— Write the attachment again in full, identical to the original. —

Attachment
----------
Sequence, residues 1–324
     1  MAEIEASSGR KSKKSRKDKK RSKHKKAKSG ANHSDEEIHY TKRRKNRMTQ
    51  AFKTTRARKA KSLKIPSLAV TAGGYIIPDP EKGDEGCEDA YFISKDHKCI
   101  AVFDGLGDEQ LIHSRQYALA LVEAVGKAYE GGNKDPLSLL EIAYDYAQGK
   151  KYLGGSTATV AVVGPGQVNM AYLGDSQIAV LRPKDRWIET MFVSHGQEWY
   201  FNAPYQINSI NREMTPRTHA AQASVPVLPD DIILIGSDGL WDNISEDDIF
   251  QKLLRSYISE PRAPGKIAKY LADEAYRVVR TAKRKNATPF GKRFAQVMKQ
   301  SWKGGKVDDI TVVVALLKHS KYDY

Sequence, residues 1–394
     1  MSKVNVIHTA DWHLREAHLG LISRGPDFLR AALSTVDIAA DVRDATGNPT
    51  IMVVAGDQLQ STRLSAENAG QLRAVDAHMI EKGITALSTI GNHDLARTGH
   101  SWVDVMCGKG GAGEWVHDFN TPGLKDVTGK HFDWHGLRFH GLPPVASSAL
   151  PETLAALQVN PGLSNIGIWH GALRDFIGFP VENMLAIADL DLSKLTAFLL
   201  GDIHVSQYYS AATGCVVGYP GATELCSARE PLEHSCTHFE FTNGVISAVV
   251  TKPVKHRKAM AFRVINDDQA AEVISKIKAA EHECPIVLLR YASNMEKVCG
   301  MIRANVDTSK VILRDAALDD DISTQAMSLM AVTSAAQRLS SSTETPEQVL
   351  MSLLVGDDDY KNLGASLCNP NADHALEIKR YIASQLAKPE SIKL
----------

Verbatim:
Sequence, residues 1–324
     1  MAEIEASSGR KSKKSRKDKK RSKHKKAKSG ANHSDEEIHY TKRRKNRMTQ
    51  AFKTTRARKA KSLKIPSLAV TAGGYIIPDP EKGDEGCEDA YFISKDHKCI
   101  AVFDGLGDEQ LIHSRQYALA LVEAVGKAYE GGNKDPLSLL EIAYDYAQGK
   151  KYLGGSTATV AVVGPGQVNM AYLGDSQIAV LRPKDRWIET MFVSHGQEWY
   201  FNAPYQINSI NREMTPRTHA AQASVPVLPD DIILIGSDGL WDNISEDDIF
   251  QKLLRSYISE PRAPGKIAKY LADEAYRVVR TAKRKNATPF GKRFAQVMKQ
   301  SWKGGKVDDI TVVVALLKHS KYDY

Sequence, residues 1–394
     1  MSKVNVIHTA DWHLREAHLG LISRGPDFLR AALSTVDIAA DVRDATGNPT
    51  IMVVAGDQLQ STRLSAENAG QLRAVDAHMI EKGITALSTI GNHDLARTGH
   101  SWVDVMCGKG GAGEWVHDFN TPGLKDVTGK HFDWHGLRFH GLPPVASSAL
   151  PETLAALQVN PGLSNIGIWH GALRDFIGFP VENMLAIADL DLSKLTAFLL
   201  GDIHVSQYYS AATGCVVGYP GATELCSARE PLEHSCTHFE FTNGVISAVV
   251  TKPVKHRKAM AFRVINDDQA AEVISKIKAA EHECPIVLLR YASNMEKVCG
   301  MIRANVDTSK VILRDAALDD DISTQAMSLM AVTSAAQRLS SSTETPEQVL
   351  MSLLVGDDDY KNLGASLCNP NADHALEIKR YIASQLAKPE SIKL